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People v. Grice

ILLINOIS APPELLATE COURT — FOURTH DISTRICT JUDGMENT AFFIRMED.


OPINION FILED MARCH 23, 1978.

THE PEOPLE OF THE STATE OF ILLINOIS, PLAINTIFF-APPELLEE,

v.

GERALD H. GRICE, DEFENDANT-APPELLANT.

APPEAL from the Circuit Court of Sangamon County; the Hon. GEORGE P. COUTRAKON, Judge, presiding.

MR. JUSTICE WEBBER DELIVERED THE OPINION OF THE COURT:

Defendant was charged with information in the circuit court of Sangamon County with two offenses of robbery. After a jury trial he was found guilty and sentenced to imprisonment for 6 to 18 years, such sentence to run consecutively to a 2- to 12-year sentence for which he was on parole at the time of the offenses charged herein. This appeal followed.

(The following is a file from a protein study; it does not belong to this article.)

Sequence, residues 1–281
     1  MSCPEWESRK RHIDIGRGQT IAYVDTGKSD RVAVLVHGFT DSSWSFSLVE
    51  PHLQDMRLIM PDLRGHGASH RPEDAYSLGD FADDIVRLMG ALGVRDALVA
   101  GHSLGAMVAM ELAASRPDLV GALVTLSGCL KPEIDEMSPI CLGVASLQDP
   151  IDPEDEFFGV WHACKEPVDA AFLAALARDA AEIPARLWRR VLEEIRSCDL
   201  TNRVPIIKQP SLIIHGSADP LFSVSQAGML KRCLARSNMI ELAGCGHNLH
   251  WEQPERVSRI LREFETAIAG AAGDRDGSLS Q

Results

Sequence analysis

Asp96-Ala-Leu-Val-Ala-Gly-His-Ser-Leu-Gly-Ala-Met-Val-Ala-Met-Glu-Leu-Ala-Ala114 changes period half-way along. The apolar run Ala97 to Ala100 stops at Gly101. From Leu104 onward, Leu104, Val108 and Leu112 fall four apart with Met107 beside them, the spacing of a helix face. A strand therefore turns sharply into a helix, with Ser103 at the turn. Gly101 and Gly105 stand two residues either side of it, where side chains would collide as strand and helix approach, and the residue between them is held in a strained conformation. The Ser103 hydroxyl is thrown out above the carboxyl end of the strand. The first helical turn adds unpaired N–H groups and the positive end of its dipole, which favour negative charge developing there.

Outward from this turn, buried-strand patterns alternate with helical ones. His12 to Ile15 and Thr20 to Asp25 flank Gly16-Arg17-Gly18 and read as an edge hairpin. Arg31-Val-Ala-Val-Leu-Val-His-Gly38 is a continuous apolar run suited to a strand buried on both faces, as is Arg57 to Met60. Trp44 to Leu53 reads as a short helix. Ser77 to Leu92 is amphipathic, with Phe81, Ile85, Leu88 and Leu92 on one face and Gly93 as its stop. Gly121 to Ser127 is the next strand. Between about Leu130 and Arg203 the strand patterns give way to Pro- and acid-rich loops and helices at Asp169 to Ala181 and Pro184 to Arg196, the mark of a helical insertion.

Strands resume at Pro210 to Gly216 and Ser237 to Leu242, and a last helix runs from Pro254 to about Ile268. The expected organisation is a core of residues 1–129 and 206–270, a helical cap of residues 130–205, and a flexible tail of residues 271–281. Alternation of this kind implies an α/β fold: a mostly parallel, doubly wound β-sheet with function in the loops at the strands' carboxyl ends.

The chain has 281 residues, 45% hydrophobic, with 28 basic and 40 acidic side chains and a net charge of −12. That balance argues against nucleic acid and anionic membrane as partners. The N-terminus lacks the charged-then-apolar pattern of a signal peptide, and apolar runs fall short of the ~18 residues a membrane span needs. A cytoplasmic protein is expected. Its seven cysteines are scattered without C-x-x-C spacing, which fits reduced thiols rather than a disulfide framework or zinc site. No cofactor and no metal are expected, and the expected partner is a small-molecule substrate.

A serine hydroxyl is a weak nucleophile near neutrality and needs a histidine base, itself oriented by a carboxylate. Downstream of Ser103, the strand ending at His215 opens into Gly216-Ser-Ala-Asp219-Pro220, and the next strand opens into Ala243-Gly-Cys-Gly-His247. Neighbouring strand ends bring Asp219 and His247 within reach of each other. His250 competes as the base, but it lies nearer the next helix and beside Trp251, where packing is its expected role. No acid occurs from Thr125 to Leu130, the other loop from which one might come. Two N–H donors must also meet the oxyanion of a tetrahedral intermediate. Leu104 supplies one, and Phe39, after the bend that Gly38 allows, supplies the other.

On appeal defendant raises three issues: (1) error of the trial court in failing to suppress evidence of defendant's identification pretrial by the victims; (2) error of the trial court in failing to suppress evidence of identification since it was the poisonous fruit of an illegal arrest; and (3) error of the trial court in failing to exercise its discretion under the Dangerous Drug Abuse Act (Ill. Rev. Stat. 1975, ch. 91 1/2, par. 120.1 et seq.).

Since defendant does not challenge the sufficiency of the evidence to convict, only a brief resume will be required. Further exposition of the facts will be made only to clarify certain areas in this opinion.